Cullen: Sure.

Hide: Treasury are very clear that when we come down to paying out from the fund, on average it covers 10 percent of the costs of super—

Cullen: Is that what they have said?

Hide: And it peaks at 40—

Cullen: Who said that? [Interruption] Did they?

Hide: You put out a press statement on 22 November where you said, no, that’s not correct; that the contribution will be closer to 25 percent and you put out a table. What you did was you had here’s what the fund is paying now and you included in that the tax that the fund would be paying. I have to say that I think you are wrong in that.

Cullen: We will continue to disagree on this interpretation.

Hide: I want to clarify with you: who is right, you or Treasury?

Cullen: Well, you’re telling me what Treasury has said. Nobody’s put their hand up so far as having said that, so we will have a discussion later with Treasury. But we will continue to disagree on that interpretation, you and me.

Hide: Maybe you can come back to us on that.

Bollard: Could I invite Geoff Dangerfield to answer that question?

Dangerfield: One of them is an answer to the question of what is paid out of the fund; the other one is an answer to the question of what is in fact the fiscal impact.

Hide: Yes.

Dangerfield: —because the fund does pay tax.

Hide: Yes.

Dangerfield: I think we’ve given you material on what is the contribution to the fund—partial prefunding because that is all the scheme is designed to do—and given you graphs and the like around that. There are implications for the overall Crown accounts, given that the fund is a tax-paying entity.

Hide: Absolutely, but that contradicts what you said in your documentation, where you said that the fund overall has no net economic effect and presumably in that you include the idea that, all things being equal, it doesn’t increase the tax base.

Cullen: No, assumed no net economic effect.

Hide: Is that correct? Do you believe the fund will increase the New Zealand tax base?

Dangerfield ?: I can’t answer that without a further—I’ll need to reflect on that.

Hide: Can you reflect on that and come back to us.

Peck: I am now going to Mr Donald.

Donald: I have two broad questions. First, the remedy side of the equation. The last time you were here you were expressing concern about petrol prices and you were hoping they would drop. I am wondering whether they have dropped as far as you were expecting.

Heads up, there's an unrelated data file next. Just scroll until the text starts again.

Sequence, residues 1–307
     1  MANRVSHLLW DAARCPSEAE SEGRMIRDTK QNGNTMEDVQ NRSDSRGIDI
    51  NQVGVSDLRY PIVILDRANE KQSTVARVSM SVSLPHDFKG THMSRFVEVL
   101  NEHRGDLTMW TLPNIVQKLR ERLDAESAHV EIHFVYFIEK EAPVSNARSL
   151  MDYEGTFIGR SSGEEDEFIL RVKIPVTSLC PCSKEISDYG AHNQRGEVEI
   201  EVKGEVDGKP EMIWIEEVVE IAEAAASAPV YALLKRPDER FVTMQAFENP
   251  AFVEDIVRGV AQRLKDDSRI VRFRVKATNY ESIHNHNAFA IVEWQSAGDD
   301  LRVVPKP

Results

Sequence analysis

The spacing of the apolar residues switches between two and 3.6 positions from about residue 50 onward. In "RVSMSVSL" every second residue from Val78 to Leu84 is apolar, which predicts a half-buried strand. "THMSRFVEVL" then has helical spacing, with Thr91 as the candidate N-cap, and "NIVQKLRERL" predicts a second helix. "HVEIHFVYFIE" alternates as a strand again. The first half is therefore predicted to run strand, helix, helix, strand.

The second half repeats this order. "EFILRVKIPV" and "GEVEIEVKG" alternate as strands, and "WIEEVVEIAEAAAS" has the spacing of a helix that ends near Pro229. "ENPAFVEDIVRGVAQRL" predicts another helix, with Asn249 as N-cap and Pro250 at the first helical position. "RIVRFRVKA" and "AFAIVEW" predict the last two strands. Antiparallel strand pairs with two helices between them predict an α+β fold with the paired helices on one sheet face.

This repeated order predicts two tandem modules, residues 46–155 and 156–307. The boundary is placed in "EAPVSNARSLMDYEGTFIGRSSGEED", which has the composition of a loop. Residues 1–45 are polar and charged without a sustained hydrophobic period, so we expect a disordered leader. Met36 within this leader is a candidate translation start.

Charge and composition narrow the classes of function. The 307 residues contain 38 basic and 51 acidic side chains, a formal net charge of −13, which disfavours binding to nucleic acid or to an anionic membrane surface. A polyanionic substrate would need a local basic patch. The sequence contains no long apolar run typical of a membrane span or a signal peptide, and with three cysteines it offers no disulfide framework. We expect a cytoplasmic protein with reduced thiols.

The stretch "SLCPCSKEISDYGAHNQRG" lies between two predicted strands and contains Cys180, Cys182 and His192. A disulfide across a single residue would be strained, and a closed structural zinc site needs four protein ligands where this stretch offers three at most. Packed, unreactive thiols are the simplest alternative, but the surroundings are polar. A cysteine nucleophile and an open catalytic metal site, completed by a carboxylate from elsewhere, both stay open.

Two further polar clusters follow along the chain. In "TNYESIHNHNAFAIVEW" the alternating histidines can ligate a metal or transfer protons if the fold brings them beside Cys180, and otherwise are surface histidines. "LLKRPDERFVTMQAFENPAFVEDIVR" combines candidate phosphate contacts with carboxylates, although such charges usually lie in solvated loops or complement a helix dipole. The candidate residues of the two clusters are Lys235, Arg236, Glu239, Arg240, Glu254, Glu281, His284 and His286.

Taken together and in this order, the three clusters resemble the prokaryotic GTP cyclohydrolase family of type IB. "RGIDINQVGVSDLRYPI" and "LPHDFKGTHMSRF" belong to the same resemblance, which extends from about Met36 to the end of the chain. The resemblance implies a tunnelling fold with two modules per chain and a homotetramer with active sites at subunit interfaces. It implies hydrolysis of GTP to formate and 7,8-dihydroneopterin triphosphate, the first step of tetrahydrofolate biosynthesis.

Cullen: They did, and then they went back up again.

Donald: Exactly. What I am wanting to know here is how that affects the outlook, because they do appear to have gone back up and stabilised.

Cullen: Yes, but on the other hand, the latest crude prices are back down. So one would assume that is going to flow through at some point. It is beginning to emerge that one of the factors that is complicating the situation is the Californian energy crisis, of course, coming into this. The dollar has slipped back slightly; we don’t know, honestly, where that is going in the medium term. But it shouldn’t have any great impact on the revenue side. The excise duty on the petrol is a flat rate, so the price of petrol does not affect the excise revenue at all. The GST revenue goes up, but the assumption is that by and large that is replacing lost GST revenue, because, clearly, if petrol prices are up, people’s discretionary spending elsewhere has to be reduced. They aren’t manufacturing more money to spend.

Rennie: In terms of our forecasting, we are assuming a crude price of around $30 a barrel at around the current time—

Donald: And the exchange rate?

Rennie: And the exchange rate about where it is now. It’s come up a little faster than we thought. So in terms of forecast assumptions we are not materially off that.

Donald: On the expenditure side, the opportunity cost of allocating Government income to the super fund, you said key policy goals, particularly education affects younger people, and then you go on to say that they are also scarce (?) in other policy areas. If you wouldn’t mind looking at your crystal ball: if we weren’t putting aside 2, 2½ percent of Government revenue into the super fund where would you be otherwise spending it?